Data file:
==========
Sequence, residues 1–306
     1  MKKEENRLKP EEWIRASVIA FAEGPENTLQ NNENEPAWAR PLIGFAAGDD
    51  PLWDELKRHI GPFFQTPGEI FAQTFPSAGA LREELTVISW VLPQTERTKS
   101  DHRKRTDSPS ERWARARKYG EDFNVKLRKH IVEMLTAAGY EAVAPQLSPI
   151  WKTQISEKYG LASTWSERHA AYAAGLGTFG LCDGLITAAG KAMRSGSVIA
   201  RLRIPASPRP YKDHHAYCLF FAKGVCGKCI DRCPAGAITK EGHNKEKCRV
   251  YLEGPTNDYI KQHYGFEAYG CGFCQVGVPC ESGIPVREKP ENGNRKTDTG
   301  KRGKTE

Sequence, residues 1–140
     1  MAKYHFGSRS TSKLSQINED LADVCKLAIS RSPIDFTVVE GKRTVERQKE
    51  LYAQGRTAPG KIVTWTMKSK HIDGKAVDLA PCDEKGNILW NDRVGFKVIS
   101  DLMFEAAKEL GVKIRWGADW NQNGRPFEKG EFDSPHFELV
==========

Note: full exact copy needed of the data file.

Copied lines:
Sequence, residues 1–306
     1  MKKEENRLKP EEWIRASVIA FAEGPENTLQ NNENEPAWAR PLIGFAAGDD
    51  PLWDELKRHI GPFFQTPGEI FAQTFPSAGA LREELTVISW VLPQTERTKS
   101  DHRKRTDSPS ERWARARKYG EDFNVKLRKH IVEMLTAAGY EAVAPQLSPI
   151  WKTQISEKYG LASTWSERHA AYAAGLGTFG LCDGLITAAG KAMRSGSVIA
   201  RLRIPASPRP YKDHHAYCLF FAKGVCGKCI DRCPAGAITK EGHNKEKCRV
   251  YLEGPTNDYI KQHYGFEAYG CGFCQVGVPC ESGIPVREKP ENGNRKTDTG
   301  KRGKTE

Sequence, residues 1–140
     1  MAKYHFGSRS TSKLSQINED LADVCKLAIS RSPIDFTVVE GKRTVERQKE
    51  LYAQGRTAPG KIVTWTMKSK HIDGKAVDLA PCDEKGNILW NDRVGFKVIS
   101  DLMFEAAKEL GVKIRWGADW NQNGRPFEKG EFDSPHFELV